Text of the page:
6

Change in Migratory Behavior as a Possible Explanation for Burrowing Owl Population Declines in Northern Latitudes

Macias-Duarte, Alberto January 2011 (has links)
Recent observed changes in bird distributions provide an unprecedented opportunity to gain a deeper understanding of the processes that influence species' persistence. By modelling presence-absence data from the North American Breeding Bird Survey, we found evidence that the breeding range of the western burrowing owl has contracted at its northern, western, and eastern boundaries since 1967. We suggest that the species' breeding distribution is also expanding southwards to former wintering grounds into northern Mexico, facilitated by the appearance of new breeding habitat created by irrigated agriculture in the arid areas of southwestern United States and northwestern Mexico. This dissertation explores the hypothesis that burrowing owls from northern migratory populations have become resident breeders in areas of northwestern Mexico that were formerly used only by migratory owls during winter, contributing to both population declines near the northern extent of the species' breeding range and population increases in the southern half of the species' range. We used novel DNA microsatellite markers to test patterns of gene flow predicted by this migration-mediated range-shift hypothesis. We genotyped 1,560 owls from 36 study locations in Canada, Mexico, and the United States. Analyses of molecular variance provided evidence that burrowing owl populations in both northwestern Mexico and Canada are genetically different from the rest of the populations in the breeding range, lending some support to the migration-mediated range-shift hypothesis. We found evidence of subtle genetic differentiation associated with subtropical irrigated agricultural areas in southern Sonora and Sinaloa, demonstrating that land use can produce location-specific population dynamics leading to genetic structure even in the absence of dispersal barriers. We also used stable isotopes 2/H, 13/C, and 15/N in feathers to test philopatry and breeding dispersal patterns predicted by this migration-mediated range-shift hypothesis. Burrowing owl populations near the northern edge of the species' breeding range had a high proportion of immigrants compared to interior populations, while other populations had high levels of philopatry. Stable isotopes also provided evidence of breeding dispersal events from Canadian populations to northwestern Mexico in support of the migration-mediated range-shift hypothesis, but similar isotope signatures in nestling feathers between these two regions prevent stronger inferences.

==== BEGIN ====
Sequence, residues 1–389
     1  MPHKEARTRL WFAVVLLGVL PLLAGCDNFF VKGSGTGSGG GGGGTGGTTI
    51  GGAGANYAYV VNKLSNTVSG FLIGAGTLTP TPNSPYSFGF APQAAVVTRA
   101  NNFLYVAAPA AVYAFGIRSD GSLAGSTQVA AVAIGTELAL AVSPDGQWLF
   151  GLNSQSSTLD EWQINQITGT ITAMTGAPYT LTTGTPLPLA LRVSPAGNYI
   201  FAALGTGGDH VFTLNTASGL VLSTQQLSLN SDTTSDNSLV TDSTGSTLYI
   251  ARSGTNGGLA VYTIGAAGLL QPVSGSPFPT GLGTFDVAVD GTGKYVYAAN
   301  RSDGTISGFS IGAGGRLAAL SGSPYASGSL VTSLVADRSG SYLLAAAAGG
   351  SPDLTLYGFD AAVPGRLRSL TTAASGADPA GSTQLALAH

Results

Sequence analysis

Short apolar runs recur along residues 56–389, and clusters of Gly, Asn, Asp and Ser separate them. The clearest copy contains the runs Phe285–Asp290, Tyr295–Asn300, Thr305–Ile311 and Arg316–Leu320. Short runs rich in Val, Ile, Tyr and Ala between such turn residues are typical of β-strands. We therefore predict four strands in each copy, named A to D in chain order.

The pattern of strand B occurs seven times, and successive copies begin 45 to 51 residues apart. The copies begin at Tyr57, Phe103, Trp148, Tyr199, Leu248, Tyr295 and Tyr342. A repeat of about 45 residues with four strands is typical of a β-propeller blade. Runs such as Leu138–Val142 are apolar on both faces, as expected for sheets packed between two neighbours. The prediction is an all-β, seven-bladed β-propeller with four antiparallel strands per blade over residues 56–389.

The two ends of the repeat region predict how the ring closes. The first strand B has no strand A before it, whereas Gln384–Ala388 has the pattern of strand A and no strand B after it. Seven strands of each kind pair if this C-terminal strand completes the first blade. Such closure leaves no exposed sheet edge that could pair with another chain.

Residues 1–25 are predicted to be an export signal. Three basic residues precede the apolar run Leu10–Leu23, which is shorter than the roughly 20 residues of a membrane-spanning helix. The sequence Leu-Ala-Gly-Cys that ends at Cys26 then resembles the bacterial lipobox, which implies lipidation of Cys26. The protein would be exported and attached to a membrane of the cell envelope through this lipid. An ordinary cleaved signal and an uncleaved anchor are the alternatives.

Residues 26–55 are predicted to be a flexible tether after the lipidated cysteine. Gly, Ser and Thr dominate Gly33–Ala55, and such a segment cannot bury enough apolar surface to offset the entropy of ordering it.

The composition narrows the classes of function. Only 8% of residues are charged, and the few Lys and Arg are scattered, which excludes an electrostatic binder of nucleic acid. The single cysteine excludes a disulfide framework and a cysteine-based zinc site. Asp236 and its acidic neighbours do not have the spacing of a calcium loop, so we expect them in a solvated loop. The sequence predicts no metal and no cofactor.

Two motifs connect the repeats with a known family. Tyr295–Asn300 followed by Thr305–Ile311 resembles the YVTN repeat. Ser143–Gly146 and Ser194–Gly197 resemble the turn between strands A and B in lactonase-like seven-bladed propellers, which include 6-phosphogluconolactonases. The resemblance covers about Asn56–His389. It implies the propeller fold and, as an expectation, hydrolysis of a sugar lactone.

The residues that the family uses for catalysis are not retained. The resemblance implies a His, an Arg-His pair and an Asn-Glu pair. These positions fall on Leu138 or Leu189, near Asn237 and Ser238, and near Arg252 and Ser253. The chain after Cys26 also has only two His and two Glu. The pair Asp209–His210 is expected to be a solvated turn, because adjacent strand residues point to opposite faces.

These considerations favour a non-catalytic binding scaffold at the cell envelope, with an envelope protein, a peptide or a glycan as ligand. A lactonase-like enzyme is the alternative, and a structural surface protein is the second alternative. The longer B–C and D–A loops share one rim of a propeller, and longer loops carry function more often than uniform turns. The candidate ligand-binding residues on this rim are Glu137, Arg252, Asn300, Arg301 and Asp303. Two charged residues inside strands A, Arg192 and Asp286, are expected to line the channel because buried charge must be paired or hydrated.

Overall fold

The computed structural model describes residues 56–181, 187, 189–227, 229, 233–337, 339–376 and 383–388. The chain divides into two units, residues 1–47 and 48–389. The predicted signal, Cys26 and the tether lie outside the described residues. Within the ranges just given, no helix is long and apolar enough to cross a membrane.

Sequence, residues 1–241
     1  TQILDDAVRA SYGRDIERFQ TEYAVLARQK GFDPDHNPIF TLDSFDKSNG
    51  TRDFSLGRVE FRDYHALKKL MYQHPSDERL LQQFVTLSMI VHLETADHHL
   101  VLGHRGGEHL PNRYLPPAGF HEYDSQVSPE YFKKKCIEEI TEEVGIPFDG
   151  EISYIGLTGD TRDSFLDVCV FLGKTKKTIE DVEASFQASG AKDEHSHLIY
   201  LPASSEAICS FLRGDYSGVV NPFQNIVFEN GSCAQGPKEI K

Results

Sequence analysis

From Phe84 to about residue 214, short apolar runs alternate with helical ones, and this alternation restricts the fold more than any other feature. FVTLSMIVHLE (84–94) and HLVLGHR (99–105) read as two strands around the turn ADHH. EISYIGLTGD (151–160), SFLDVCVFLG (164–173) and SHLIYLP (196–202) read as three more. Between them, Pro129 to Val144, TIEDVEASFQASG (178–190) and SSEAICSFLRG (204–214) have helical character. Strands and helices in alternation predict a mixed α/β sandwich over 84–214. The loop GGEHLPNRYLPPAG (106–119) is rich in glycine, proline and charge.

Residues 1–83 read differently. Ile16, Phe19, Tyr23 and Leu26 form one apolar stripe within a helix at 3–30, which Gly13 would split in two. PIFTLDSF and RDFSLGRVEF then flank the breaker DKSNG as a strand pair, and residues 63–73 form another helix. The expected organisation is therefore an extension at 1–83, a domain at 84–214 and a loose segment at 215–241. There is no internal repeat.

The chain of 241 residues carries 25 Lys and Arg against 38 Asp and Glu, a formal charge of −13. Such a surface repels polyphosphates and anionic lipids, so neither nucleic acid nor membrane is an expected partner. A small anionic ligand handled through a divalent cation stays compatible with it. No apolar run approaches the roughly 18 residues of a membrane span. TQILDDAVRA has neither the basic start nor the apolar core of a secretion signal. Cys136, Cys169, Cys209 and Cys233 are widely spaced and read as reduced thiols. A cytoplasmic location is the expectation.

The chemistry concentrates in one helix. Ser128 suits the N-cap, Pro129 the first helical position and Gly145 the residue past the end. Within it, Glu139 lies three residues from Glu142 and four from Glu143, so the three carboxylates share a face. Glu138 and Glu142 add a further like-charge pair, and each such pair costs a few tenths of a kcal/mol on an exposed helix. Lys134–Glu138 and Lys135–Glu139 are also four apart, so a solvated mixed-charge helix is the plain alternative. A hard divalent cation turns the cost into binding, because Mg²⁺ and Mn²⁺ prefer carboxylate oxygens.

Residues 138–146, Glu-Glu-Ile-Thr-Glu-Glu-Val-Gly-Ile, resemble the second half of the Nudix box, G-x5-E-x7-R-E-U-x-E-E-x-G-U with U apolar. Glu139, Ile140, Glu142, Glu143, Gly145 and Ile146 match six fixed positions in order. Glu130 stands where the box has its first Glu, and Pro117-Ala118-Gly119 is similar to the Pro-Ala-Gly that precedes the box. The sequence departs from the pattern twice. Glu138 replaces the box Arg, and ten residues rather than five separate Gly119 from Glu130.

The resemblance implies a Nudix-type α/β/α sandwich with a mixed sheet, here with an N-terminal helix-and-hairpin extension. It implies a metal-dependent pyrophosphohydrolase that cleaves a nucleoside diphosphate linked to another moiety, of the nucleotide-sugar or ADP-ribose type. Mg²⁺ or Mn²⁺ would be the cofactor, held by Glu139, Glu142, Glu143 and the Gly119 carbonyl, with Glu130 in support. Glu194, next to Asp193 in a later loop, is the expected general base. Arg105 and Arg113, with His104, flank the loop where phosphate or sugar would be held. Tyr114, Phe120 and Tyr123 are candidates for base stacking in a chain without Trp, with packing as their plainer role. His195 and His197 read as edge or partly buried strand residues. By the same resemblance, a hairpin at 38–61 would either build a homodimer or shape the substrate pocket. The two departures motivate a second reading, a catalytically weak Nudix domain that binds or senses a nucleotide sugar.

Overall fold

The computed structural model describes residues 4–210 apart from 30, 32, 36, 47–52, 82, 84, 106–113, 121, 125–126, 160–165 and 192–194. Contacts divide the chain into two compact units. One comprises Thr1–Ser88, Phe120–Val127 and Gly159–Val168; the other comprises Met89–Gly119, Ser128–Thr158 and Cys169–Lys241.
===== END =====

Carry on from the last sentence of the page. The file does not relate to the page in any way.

7

Uso do hábitat da corujinha-do-mato Megascops choliba e da coruja-buraqueira Athene cunicularia (Strigiformes: Strigidae) em remanescentes de cerrado da região central do Estado de São Paulo / Habitat use of Tropical Screech Owl (Megascops choliba) and Burrowing Owl (Athene cunicularia) on patchez of cerrado in state of São Paulo, Brazil

Braga, Ana Claudia Rocha 30 October 2006 (has links)